I refuse to add in electrical heat gain in the house. Often the people doing this have energy pigs inhabiting their green-washed castles. My family is around 7 kWh/day in the winter and if we go without a furnace that'll knock around 2 kWh/day off, and if we use heat recovery from the fridge/freezer compressors (likely enough heat to heat our water) then that knocks off another 1kWh/day. However, I see the future as not having a fridge or freezer as one has a free fridge/freezer (outside) in the winter. A cold cellar would be part of the home design. Our current - electrical energy thirsty lifestyle (7 kWh/day winter) includes cooking, clothes drying and mostly standard house. It's N, W, E facing and so passive solar is out of the question - no roof alignment and no side facing south at all. The wierd thing about our Co-Housing group is that most of us have homes with none, nada, kein south facing walls! We all want it - but then we see houses with south exposure and people have papered over the windows with aluminum foil or have them shaded ...

I always wondered what the techno-worshiping Amory Lovins was smoking - until I saw that he included massive amounts of waste electrical heat as contributing towards building heat. But he did, apparently do a heat recovery from compressors and I applaud that.

I'm looking at building a (mostly) Passive House with straw bale

I'm confused. While straw bale homes have a high R factor for the walls, they are also designed to "breath." Isn't this contradictory?


Excellent question. When houses are said to 'breathe', this refers to their ability to allow moisture to egress the shell, keeping the insulation dry and effective. I believe your concern is with 'infiltration' of air (like on a windy winter day), which refers to the draftiness of a shell, undesirable levels of which rob a house of energy savings. These are two similar seeming but different subjects.
Strawbale Building FAQ

Way cool (says he sitting in a conventional house @ 40C @ 9 pm ). I'm looking forward to this series
big time. Wife's gonna raise eyebrows when I take to the house with a chainsaw though. Thanks Will.

Could remodel like my father did. He wanted to add a basement extension under the back porch/woodshed of their farmhouse (1920's frame). To make the joining opening, he chipped away at the existing basement wall (concrete facing on heavy stone structure) a long time and made little progress. All four of us kids who would have typically gotten such an assignment had long left home by that time. Being experienced with explosives, he asked mom if she would allow him to blast the opening, she refused. So he set the explosives, lit the fuse, then went upstairs and told mom "You'd better come outside now." Mom told me it actually blew open a perfect opening as required, but all her dishes were in a recessed cabinet directly above. The explosives opened all the cabinet doors, lifted all the dishes out and set them neatly onto the floor in front. Not a thing broken.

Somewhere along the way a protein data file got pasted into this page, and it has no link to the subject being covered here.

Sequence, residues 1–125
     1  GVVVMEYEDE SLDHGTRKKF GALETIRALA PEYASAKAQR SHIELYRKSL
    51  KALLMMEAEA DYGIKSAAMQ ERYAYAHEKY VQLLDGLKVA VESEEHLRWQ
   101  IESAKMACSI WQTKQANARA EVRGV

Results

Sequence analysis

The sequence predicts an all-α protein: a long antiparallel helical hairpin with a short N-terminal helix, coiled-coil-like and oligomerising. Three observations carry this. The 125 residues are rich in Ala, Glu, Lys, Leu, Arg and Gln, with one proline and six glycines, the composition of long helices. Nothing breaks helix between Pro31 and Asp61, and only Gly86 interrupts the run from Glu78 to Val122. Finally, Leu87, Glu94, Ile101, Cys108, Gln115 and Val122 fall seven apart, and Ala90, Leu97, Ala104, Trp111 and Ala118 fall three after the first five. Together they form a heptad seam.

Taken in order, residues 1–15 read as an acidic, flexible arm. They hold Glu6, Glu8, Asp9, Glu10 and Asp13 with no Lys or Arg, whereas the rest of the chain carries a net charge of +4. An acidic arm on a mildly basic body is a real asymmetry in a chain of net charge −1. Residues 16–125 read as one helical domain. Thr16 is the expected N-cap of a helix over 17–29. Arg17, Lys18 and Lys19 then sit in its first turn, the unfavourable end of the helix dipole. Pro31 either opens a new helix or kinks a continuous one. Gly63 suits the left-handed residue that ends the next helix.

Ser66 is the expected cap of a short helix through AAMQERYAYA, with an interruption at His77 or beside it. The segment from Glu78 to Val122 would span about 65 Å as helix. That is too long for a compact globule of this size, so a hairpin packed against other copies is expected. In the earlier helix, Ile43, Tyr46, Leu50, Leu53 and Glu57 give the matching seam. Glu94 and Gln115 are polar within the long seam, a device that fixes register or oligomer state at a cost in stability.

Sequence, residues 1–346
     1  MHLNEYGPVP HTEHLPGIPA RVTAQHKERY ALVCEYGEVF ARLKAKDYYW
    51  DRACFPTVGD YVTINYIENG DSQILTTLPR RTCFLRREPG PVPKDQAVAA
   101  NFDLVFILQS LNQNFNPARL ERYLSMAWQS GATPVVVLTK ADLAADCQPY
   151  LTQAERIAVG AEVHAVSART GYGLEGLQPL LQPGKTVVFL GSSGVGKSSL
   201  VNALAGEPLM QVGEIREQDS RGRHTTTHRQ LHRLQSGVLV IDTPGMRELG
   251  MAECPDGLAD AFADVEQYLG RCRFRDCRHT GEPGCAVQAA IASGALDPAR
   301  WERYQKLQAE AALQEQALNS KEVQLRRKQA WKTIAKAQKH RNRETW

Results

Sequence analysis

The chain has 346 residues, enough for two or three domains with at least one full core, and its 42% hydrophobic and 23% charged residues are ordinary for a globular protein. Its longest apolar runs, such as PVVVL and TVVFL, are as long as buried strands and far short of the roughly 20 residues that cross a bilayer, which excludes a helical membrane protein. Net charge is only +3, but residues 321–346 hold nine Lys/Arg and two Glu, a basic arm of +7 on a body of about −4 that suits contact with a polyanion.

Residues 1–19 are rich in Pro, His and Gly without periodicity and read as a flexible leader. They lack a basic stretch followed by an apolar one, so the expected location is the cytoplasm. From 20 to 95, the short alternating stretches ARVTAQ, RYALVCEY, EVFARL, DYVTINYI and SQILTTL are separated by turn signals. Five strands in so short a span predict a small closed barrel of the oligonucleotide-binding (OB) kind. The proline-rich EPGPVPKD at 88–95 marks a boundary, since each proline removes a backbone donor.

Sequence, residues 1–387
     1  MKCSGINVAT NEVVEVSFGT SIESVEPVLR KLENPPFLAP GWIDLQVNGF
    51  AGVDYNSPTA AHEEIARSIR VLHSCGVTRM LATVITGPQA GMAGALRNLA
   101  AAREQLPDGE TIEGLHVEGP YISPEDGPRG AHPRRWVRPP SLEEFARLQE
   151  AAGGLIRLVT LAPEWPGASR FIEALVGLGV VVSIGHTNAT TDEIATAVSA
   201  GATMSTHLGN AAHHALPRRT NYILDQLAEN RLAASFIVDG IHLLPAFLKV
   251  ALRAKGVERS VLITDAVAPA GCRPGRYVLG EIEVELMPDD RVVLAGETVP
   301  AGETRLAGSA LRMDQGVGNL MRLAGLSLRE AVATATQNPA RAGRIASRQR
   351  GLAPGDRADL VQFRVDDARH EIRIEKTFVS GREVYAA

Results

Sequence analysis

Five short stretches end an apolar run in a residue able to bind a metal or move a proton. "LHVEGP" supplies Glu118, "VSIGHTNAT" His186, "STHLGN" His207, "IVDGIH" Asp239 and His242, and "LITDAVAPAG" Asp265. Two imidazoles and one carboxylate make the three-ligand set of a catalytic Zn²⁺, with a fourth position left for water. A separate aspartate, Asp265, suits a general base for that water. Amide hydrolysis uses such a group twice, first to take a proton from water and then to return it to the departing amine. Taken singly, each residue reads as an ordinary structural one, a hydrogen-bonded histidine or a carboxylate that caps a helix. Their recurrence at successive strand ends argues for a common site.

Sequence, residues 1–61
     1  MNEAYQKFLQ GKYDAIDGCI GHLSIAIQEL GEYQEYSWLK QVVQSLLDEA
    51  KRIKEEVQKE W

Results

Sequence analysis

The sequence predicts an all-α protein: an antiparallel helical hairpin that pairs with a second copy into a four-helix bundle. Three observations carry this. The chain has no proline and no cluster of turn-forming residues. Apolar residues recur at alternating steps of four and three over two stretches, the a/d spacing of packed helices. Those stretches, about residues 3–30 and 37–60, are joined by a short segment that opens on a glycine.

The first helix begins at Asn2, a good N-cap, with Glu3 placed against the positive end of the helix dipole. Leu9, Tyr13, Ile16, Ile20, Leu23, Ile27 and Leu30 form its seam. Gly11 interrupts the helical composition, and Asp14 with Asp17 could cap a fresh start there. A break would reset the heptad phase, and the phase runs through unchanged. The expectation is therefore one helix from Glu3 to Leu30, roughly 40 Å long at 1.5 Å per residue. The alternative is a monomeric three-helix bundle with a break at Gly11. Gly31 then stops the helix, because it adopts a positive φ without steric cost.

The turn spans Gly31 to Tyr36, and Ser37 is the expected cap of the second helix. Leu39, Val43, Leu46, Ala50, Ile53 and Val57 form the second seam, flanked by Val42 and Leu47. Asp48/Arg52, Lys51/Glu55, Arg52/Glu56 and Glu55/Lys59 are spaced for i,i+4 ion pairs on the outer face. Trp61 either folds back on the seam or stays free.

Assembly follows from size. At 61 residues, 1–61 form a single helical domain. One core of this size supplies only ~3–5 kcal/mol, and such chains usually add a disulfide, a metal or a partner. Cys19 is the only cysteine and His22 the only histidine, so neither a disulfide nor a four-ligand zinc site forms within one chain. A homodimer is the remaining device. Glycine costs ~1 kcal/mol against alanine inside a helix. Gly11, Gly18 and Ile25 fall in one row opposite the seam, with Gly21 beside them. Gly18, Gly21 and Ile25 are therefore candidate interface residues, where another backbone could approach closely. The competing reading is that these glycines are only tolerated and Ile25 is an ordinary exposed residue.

Fortunately mom was quite forgiving. I told the story at their 60th wedding aniversary, got a good laugh.

An aside on thermal mass.

When I moved back to my farm in the country I build ,over three years, a loghouse of western red cedar. There was a lack of building and Jim Barna Log Homes made us an offer we couldn't refuse. A log package of WRC for the same price as common pine.

So I built totally alone and by myself a 4500 sq. ft. (under roof and full poured 12 " concrete basement) log house.Not a cabin.

I initially heated it with an old Amana split-union heat pump(air).

It barely did the job so I put my old triple-walled large wood heater in the great room and it alone would heat the entire house if I fed it good seasoned oak or hickory.

Along the way I learned some important lessons about thermal mass as it applies to log homes.

The heat inside is slowly stored within the thermal mass of the logs. That makes it a very even heat and if the stove goes out the logs return the heat stored within. This is very important. It means I used no heat or cooling at all for most of the year as the logs both outside and inside worked with the passive solar(nothing created as this post indicates)...